Sunday, 22 January 2012

Beam me up

Or, up me beam, to be more accurate.

A few weeks ago, my wife arranged to get an old oak beam from a chap in the next village. Lutz (our carpenter) and I duly went over to pick it up, and man-handled 5 metres of solid oak onto his truck and then left it outside our barn. It was supposed to be installed in the living room to replace the cracked beam. Unfortunately, as Lutz was heading off on holiday, it didn't happen in time. So, Jörg and I took matters into our own hands and a few weeks ago, with the help of a chainsaw, we took the old beam out.

The old, cracked one, still in place (middle one)
The replacement beam was moved from outside to one of the cellars where it got a cleanup with a sandblaster and other, finer implements last week. To be honest, the beam had been worrying me, as not only was it to support the floor above, but it does have some structural role to play, as it anchors into the west gable wall. Yesterday, despite having little desire to do any work, I began preparing the sockets (well, holes in the wall) in preparation for the beam. I had no intention of going any further till Jörg arrived unannounced, which led to us asking another neighbour (who happens to be a tradesman) for a loan of a bit of scaffolding and a hand, and who brought two of his helpers with him. Within 30 or 40 minutes of them arriving we had carried the beam up to the first floor and installed it. My precision measurements were mocked, and rightly so. An experienced tradesman took over, hacked a bit with a masonry chisel, and we were done.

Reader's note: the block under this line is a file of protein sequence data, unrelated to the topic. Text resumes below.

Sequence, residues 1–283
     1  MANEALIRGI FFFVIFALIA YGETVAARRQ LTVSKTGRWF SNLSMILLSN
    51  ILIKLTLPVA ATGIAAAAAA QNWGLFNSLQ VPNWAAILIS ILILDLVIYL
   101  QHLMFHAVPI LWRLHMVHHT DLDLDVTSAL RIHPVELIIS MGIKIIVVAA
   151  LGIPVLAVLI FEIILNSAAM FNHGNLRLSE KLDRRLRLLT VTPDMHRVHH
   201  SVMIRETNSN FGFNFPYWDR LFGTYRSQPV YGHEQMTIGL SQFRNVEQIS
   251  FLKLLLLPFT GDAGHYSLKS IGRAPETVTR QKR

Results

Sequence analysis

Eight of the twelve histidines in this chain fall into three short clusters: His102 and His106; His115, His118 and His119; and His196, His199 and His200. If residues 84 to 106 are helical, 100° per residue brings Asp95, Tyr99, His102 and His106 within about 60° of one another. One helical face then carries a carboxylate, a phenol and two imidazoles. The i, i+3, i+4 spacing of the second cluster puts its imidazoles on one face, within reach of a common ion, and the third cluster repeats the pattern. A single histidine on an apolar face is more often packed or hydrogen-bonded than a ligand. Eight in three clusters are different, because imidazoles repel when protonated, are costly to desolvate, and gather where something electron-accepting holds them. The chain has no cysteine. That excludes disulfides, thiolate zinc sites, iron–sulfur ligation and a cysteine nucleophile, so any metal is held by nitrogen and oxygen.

The professionals departing as swiftly as they arrived, Jörg and I were left to connect the beam to the iron anchor in the gable (that took longer to do due to breaking bolts!) and attempt to tie it into the beams on the other side of the room. I need a longer drill bit to finish that part, but the main thing is we have a new beam in, and I won't wake up in a sweat worrying about it any more.

The beam, pre-cleanup.
And fitted!

Anchor in the west gable, ready to be connected
Final span is 4 metres
Jörg adding some final touches.
The sockets have to be refilled and the beam wedged in, so the support struts will stay in place till that's done.

In other news: my usual camera broke, for the third time, so it's time for a new one. I had replaced the lens myself twice, after it had been dropped, but I think this time it's from dust. I don't like the colours of the photos my old backup camera takes (see above!).


  1. Blogs kill cameras. At least, that's what I concluded when I found the controls of my old one gummed up with dried porter following the Franciscan Well Easter festival a few years back.

  2. A former colleague of mine once sent his laptop back to the maker after spilling a glass of wine on it. They replaced the stuck keyboard with no questions. He was a chancer :)

    Not sure what kind of camera to get now, but at least the really dusty work is done. I think. I'm considering taking up all the floors and taking out the clay filling underneath to make the house lighter :D

  3. Hard at work with the important stuff ;)